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8 Expert Tips to Help Stop Emotional Eating


In her new book, Eat.Q. Unlock the Weight-Loss Power of Emotional Intelligence (Harper, 2013), psychologist Susan Albers presents a unique approach to stress eaters. "Many stress eaters, at least the ones I've worked with, know what foods are healthy or not—they actually know quite a lot about nutrition. What they don't know, and is frustrating, is why they 'know' how they want and intend to eat but can't seem to make that choice." Albers wrote Eat.Q. to help emotional eaters learn to approach food in a new way. Here, Albers offers eight tips from her book for readers to quell emotional eating.



1) Avoid the all-or-nothing thinking. I call it zebra thinking. You know you are doing it when you use words like should, can't, never or always. Swap these for more middle-of-the-road and compassionate words. So, instead of "I will never eat cake like that again," try "I ate too much cake and in the future when I'm upset I'll try other ways to calm down." Compassion, not judgment, is key to stopping the emotional eating cycle. Judgment of yourself just fuels shame and more emotional eating.

2) If you can't avoid eating, try mindful eating. In other words, eat it slowly, savor each bite, smell the aroma, look at it carefully. Just be very present mentally when you are eating.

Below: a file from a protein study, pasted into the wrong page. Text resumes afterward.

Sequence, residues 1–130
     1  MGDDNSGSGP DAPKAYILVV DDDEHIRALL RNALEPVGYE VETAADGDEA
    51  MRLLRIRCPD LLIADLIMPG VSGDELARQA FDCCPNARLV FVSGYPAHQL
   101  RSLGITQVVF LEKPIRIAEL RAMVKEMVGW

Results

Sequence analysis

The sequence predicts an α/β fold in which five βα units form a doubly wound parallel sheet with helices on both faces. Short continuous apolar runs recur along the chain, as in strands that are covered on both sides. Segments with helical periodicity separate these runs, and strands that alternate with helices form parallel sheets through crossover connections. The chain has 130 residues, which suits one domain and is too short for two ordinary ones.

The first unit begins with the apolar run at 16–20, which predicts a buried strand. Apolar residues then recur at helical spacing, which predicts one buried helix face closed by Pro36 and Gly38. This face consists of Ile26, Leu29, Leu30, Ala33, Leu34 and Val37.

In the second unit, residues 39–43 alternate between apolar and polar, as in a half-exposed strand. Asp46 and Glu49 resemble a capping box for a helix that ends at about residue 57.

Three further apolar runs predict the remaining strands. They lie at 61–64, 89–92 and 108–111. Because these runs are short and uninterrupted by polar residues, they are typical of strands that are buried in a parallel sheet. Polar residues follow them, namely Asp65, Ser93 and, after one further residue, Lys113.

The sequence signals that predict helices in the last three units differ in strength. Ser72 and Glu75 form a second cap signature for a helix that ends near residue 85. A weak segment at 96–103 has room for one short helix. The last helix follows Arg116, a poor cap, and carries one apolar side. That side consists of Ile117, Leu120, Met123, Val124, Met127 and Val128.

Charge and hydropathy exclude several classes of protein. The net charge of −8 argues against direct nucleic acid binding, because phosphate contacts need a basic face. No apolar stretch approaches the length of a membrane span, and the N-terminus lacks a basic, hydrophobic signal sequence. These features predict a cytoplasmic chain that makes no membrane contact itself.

3) Before you take a bite, simply just begin by consciously asking yourself, "Am I really hungry?" If you get this I'm-not-totally-sure-if-I am-really-hungry feeling, the answer is probably that you are emotionally hungry. Make a deal with yourself: Delay and distract for five minutes. If you are still hungry at the end of those five minutes, then go for it'eat something. If not, you have your answer. This simple task is the first step in rewiring your brain. Instead of hungry=eat, you are training it to think physical hunger=eat or emotional hunger=distract.

4) Distract. Studies show that engaging your mind in a visual spatial task—like a puzzle or drawing a picture—is more effective in blocking cravings than other activities.

5) Create calming daily rituals. Rituals are different than habits. Habits are things you do mindlessly on autopilot. Rituals like writing daily in your journal for five minutes or drinking a cup of warm beverage out of your favorite mug in the same chair can be incredibly calming.

6) Deep breathing. It sounds simple, but adding oxygen to your brain helps you to think clearer and make better food decisions, particularly when you are stressed.

7) Walk. A recent study showed that 20 minutes of walking can help curb chocolate cravings.

8) Drink black tea. Studies show that you can reduce your cortisol level by 47 percent. Cortisol is the stress hormone that makes you crave sugary, fatty foods.

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